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8 comments on “Looking at the Sun”

  1. Using the Precomputed tables - Finding the sun's true bearing published by The Civil Aviation Branch, Department of Transport in Ottawa in 1965. It showed the sunrise and sunset times for Ottawa may 20 as 0320 and 2032. The weatheroffice showed the sunrise and sunset times for Ottawa may 20.2022 as 0527 and 2032, that suggests to me that there is a very significant wobble on earth as the sun is now rising 2 hours later but setting at the same time making up the 2 hour time difference. I live in Ottawa and it seems to be a lot more windy since I moved here 50 years ago. The planet is still spinning at 1670 kilometres an hour and zooming around the sun at 107000 kilometres an hour all this having an effect on the weather.

  2. Svensmark links sun spot rarity periods to enhanced cosmic ray atmospheric penetration and increased cloud cover due to ionization and temperature decline via albedo effect on an 11 year sun spot cycle .
    2020 to 2053 great maunder minimum according to noaa linked to sunspot nosedive and negative irradiance effect of newly discovered double dynamo in solar interior . Plant growth in peril no time to curtail traditional energy.

  3. It goes back to Svensmark's predecessors at the Danish Space Center who published a paper in Science magazine in 1991. Friis-Christensen and Lassen (1991) showed a 95% correlation between solar cycle peak frequency (not the sunspot number) and warming and cooling of the northern hemisphere over 130 years - there are significant deviations from the carbon dioxide trend. It did not take long for ad hominem from alarmists and the trend ended with the eruption of Pinatubo to disrupt the correlation. Since then, Henrik Svensmark has conducted a number of experiments to support the hypothesis. Their work at the Hadron collider in Switzerland was so successful that the Director of Hadron denied permission to publish the conclusions. There are several YouTube presentations by Svensmark that document their experimental follow-up to the Friis-Christensen and Lassen hypothesis. It is now elevated to a theory by experiments.

  4. It is reported that the world uses 100 million barrels of oil per day which flows up from underground.
    50% or so of that is used for fuels and is burnt in engines.
    I wonder what happens to the other 50% which is exhausted as heat, CO2 and H2O.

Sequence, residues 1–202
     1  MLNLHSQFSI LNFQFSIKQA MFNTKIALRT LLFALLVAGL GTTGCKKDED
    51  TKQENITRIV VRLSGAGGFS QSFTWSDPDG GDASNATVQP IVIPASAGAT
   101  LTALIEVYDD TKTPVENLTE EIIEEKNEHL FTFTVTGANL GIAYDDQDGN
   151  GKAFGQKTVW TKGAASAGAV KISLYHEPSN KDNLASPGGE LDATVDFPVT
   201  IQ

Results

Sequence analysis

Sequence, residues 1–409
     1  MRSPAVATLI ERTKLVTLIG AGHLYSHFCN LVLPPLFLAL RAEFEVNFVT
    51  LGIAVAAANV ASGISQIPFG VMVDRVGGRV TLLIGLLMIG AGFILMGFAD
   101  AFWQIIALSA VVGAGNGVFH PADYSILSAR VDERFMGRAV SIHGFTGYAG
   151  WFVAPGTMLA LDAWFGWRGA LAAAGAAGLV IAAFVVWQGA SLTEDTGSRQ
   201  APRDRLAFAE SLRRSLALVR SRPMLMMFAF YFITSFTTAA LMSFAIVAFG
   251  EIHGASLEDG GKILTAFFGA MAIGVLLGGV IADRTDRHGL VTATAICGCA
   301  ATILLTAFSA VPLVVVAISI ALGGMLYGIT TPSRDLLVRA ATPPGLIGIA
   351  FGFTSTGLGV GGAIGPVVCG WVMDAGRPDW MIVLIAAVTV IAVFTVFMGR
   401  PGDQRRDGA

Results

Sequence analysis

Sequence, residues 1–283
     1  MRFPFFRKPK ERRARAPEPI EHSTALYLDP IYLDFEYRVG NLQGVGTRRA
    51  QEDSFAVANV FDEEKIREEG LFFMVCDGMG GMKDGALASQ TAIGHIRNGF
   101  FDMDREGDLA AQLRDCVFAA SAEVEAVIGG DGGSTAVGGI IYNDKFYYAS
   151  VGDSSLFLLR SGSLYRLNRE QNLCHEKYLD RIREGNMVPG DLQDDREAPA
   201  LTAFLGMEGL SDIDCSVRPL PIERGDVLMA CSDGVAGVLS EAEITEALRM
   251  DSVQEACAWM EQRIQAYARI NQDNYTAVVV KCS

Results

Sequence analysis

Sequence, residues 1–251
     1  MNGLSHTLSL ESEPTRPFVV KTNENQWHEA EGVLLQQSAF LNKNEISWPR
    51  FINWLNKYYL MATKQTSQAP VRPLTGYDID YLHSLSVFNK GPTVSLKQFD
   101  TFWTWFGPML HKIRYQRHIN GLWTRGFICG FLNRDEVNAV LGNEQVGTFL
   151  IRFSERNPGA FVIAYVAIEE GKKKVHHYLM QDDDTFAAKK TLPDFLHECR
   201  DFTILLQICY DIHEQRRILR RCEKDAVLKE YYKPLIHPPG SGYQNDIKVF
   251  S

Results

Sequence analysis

Fires and Floods could be a result. And, yes, I am sure varying heat output from the sun is a contributor as well.

  5. Thank you very much for producing these informative videos. This one on the effects of solar activity on the climate is particularly important in understanding that AGW is a political, and in some cases, entirely fraudulent movement.

    Keep up the excellent work. I continue to be a proud monthly sponsor of CDN.

  6. John,
    John, you might want to reference this article: (https://www.msn.com/en-us/news/technology/the-daring-lightsail-2-spacecraft-is-being-sucked-into-fiery-doom/ar-AAZ2LTT?cvid=5e74c34c863d4f3ca9920de95535940d&ocid=winp2sv1plus) in a future Wednesday update.
    "Ironically, the Sun also worked against LightSail 2. When the Sun is more active, it heats Earth’s upper atmosphere, causing it to expand into higher altitudes. At the start of the mission, the Sun was going through some downtime as part of its 11-year cycle, but our host star recently revved up its activity for its solar maximum period. This has caused the atmosphere to be denser at higher altitudes, even reaching the spacecraft, causing LightSail 2 to drag downwards."
    Who knew the solar constant wasn't? I noticed the link is being distorted because of the question mark but I am sure you can search it from the title.

  7. John, you might want to reference this article: (https://www.msn.com/en-us/news/technology/the-daring-lightsail-2-spacecraft-is-being-sucked-into-fiery-doom/ar-AAZ2LTT?cvid=5e74c34c863d4f3ca9920de95535940d&ocid=winp2sv1plus) in a future Wednesday update.
    "Ironically, the Sun also worked against LightSail 2. When the Sun is more active, it heats Earth’s upper atmosphere, causing it to expand into higher altitudes. At the start of the mission, the Sun was going through some downtime as part of its 11-year cycle, but our host star recently revved up its activity for its solar maximum period. This has caused the atmosphere to be denser at higher altitudes, even reaching the spacecraft, causing LightSail 2 to drag downwards."
    Who knew the solar constant wasn't? I noticed the link is being distorted because of the question mark but I am sure you can search it from the title.

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